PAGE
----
|Pop Culture Gadabout|
Sunday, November 04, 2007 |
( 11/04/2007 09:26:00 AM ) Bill S.
"IT WAS DUSK. I COULD TELL BECAUSE THE SUN WAS GOING DOWN." My first Halloween with a DVR, so naturally I took advantage of it to collect monster films off Turner Classic Movies that I hadn't seen in ages. Got five in all and watched the first on my list, Roger Corman's Creature from the Haunted Sea (1961) last night. A no-budget horror comedy, Creature is frequently mentioned in the same breath as Little Shop of Horrors and Bucket of Blood. (All three flicks were quickly dashed off by scriptwriter Charles B. Griffith.) But where the two earlier flicks were held together by their broadly goofy anti-heroes (Jonathan Haze's Seymour and Dick Miller's Walter Paisley, respectively), Creature makes its central figure a third-string Bogart (Anthony Carbone's Renzo Carpetto) and keeps the more overtly cartoonish characters (such as an unfunny retarded muscleman who mainly speaks in animal sounds) on the sidelines. The results, alas, are much less consistently watchable.
A few traces of Griffith's hipster humor survive in the flick - most of which revolve around future Oscar winner Robert Towne's performance as government agent Sparks Moran. Sparks (who also calls himself Agent XK150) delivers the film's ludicrous narration with such amusing deadpan seriousness that you wish he'd been given more to do in the actual picture. (As the movie's good guy, he's fairly negligible.) Purportedly, Creature was written in less than week after Corman - who had just finished shooting Last Woman on Earth in Puerto Rico – asked Griffith to deliver a new script quickly so he dash off a second picture with the same cast and crew. Perhaps if Griffith'd been given two weeks, he might've given Corman a fuller movie script. As it is, the script is a mess.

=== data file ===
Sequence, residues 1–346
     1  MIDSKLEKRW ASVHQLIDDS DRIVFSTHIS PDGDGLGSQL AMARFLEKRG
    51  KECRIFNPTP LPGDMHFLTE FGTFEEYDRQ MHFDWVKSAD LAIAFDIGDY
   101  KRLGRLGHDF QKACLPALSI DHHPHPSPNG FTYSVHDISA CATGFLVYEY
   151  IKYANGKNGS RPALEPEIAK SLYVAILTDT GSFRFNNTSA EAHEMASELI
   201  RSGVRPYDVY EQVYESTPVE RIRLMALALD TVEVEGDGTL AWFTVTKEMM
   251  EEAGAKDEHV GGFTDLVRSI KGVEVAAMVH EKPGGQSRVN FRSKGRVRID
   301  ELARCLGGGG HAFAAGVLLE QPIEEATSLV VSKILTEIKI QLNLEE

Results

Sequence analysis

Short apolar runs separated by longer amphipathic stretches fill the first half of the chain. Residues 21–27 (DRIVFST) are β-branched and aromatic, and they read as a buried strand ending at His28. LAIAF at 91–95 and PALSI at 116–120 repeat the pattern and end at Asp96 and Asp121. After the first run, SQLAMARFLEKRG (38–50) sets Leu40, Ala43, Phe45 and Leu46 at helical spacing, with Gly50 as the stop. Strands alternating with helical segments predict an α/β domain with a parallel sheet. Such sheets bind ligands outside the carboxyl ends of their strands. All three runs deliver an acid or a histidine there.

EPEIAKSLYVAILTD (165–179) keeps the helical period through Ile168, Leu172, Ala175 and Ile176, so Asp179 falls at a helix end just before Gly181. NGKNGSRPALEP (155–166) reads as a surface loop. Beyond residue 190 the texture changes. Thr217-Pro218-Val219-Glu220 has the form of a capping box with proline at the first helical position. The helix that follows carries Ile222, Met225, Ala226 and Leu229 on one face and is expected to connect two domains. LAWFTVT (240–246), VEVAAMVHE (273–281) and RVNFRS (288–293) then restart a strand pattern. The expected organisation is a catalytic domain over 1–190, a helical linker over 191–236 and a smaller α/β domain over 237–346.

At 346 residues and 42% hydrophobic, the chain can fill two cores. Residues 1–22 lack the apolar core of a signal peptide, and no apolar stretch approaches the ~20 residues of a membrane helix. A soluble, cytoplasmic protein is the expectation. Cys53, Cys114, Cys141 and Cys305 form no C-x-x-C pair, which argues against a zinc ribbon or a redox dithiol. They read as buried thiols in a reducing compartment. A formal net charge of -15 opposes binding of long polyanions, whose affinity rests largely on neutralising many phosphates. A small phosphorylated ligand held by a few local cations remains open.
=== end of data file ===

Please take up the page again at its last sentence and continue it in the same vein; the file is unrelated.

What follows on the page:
The plot, such as it is, aims for early sixties currency by being set in post-revolution Cuba. As a jerkily animated cartoon tells us in the movie's opening, anti-Castro elements looted most of Cuba's treasury in the final days with the idea of using that gold and money to finance a counter-revolution. Sicilian Renzo Capetto (Carbone), eager to offer his yacht and his assistance, contacts some of these Batista loyalists with the aim of ultimately ripping 'em off. His scheme is pick the Cubans off one by one, blaming the killings on a sea monster that supposedly inhabits the waters. But, of course, the real creature shows up to ruin Renzo's plans.
As for the title creature, it's as lame as you'd expect: a guy in a mossy covered wet suit with no neck, eyes that resemble overcooked eggs and strands of plastic seaweed dangling from his arms and torso. The scene where the monster comes on board Renzo's boat to grab Betsy Jones-Moreland's gangster's moll is so ridiculous that it's shown up on at least one "wacky" teevee commercial over the years. Per cheapie tradition, the monster is largely kept out of clear camera sight until its big attack at the picture's conlcusion (though we earlier see several quick underwater shots of its head in the murky waters).
The version TMC broadcast appears to be the original release: purportedly, Corman had Monte Hellman shoot about ten minutes of extra footage a couple of years later to pad the flick for teevee release, adding a theme song performed by Jones-Moreland. Somehow, I don't think I missed very much.